What Is a Forward Contract?
A forward contract is a private agreement between two parties. It simultaneously obligates the buyer to purchase an asset and the seller to sell the asset (at a set price at a future point in time).
Unlike futures – which are regulated and monitored by the Commodities Futures Trading Commission (CFTC) – forward contracts are unregulated. Such unregulated financial instruments are called over-the-counter (OTC) instruments.
A Brief History of Forward Contracts
Forward contracts have existed since at least Greek and Roman times. There’s evidence that they were commonly used during the Middle Ages in Europe, and Europeans continued the tradition of forward contracts in the New World.
Forward contracts were used to stockpile essential goods that could be resold for a profit at a later date. Buyers would take possession of the wheat, corn, or other commodities upon delivery of the contract, pay the forward price (agreed upon in the contract), and hope that the demand for the good would grow so they could raise prices, resell it, and generate profits.
How Do Forward Contracts Work?
Think of farmers who face considerable price uncertainty each year. Their crops fail due to insects, disease, or weather, and the demand for their crops may fluctuate substantially.
To protect against uncertainty, farmers may draw up a forward contract and sell it to a private buyer. For example, large food manufacturers may purchase a farmer's wheat forward contract to lock in the price and control their manufacturing cost. The farmer hopes to benefit from the forward contract by ensuring that he has a buyer for the commodity. If they can meet the forward contract's qualifications (like producing and delivering bushels of wheat, corn, or oats), they also have an agreed-upon price.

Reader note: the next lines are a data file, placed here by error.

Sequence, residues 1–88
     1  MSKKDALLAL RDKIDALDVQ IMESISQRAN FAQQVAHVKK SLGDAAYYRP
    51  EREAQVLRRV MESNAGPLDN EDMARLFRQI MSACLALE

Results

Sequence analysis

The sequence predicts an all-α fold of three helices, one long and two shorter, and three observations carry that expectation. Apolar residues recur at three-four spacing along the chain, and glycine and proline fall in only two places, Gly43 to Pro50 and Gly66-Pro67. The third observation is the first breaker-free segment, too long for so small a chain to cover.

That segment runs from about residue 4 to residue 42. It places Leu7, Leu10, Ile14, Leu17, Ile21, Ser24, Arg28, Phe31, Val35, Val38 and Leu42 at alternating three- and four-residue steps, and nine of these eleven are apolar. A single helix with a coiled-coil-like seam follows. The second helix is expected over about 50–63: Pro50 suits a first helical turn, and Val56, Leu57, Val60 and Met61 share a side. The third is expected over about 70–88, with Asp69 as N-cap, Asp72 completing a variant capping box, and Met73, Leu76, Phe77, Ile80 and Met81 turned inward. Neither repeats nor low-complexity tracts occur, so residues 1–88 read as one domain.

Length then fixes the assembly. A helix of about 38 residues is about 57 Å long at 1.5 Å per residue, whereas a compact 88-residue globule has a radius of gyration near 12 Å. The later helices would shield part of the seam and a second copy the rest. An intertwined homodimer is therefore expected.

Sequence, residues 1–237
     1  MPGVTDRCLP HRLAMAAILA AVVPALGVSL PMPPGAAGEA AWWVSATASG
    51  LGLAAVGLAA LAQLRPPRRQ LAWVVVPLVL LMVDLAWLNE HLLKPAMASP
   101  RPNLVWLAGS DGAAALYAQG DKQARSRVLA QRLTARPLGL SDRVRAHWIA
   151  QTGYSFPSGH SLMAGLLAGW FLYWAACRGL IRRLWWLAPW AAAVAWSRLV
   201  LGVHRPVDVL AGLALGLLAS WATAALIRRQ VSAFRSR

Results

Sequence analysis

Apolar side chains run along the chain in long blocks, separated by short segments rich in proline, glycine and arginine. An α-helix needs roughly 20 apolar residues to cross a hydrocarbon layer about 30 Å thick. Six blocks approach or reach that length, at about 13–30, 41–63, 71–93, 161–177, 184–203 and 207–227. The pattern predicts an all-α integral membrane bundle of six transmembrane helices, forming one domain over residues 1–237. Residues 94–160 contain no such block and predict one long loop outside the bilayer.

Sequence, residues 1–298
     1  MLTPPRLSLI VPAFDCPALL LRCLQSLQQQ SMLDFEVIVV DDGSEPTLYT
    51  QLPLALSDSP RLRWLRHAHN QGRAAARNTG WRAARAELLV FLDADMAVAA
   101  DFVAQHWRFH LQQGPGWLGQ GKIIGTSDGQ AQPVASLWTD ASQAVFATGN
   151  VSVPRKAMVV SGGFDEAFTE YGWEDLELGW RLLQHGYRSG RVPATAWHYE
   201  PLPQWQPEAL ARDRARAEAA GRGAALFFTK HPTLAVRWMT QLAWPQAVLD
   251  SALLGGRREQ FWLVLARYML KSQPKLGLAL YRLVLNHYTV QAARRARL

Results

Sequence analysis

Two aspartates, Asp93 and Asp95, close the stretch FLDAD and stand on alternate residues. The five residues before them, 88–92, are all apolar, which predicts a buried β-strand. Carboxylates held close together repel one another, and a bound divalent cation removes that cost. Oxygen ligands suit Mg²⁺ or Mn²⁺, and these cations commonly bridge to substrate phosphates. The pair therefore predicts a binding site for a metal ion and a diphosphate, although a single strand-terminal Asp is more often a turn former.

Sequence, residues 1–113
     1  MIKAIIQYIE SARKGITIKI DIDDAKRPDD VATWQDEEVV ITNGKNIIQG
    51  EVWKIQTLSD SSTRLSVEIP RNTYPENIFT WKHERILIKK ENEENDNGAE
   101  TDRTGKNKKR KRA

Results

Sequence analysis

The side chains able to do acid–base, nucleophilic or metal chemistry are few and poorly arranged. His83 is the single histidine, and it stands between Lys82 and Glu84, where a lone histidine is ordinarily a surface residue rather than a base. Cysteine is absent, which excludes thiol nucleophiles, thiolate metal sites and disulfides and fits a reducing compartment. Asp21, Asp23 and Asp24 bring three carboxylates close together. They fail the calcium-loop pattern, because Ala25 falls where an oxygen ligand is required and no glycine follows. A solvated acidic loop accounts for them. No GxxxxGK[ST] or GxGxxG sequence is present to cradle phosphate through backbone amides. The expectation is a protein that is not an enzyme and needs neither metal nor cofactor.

The buyer assumes a long position and the seller assumes a short position when the forward contract is executed. The agreed-upon price is called the delivery price. It is equal to the forward price at the time that the two parties enter into a contract.
Hedging vs. Speculation
Forward contracts attract two types of buyers: hedgers and speculators. Typically, more hedgers than speculators participate in forward contracts.
Meaning of Hedging
Hedgers enter into forward contracts to stabilize revenues or costs of their business operations. Instead of seeking profit, gains are used to offset losses in the market for an underlying asset.
Meaning of Speculation
Speculators try to maximize their profits by "betting" on which way the prices will go. They aren't interested in buying or selling the underlying asset. Instead, they hope to profit on the forward contract itself by "betting" on the direction the price will go.
Forward Contract Example
Old MacDonald had a farm, and on that farm, he grew corn – a lot of corn. This year, he expects to produce 500 bushels of corn that he can sell at the price-per-bushel that’s available at harvest time – or he can lock in a price now.
The Crunchy Breakfast Cereal Company needs plenty of corn to manufacture their cornflakes. They send a representative around to Old MacDonald’s farm and offer him a fixed price to be paid upon delivery of 500 bushels of corn at harvest.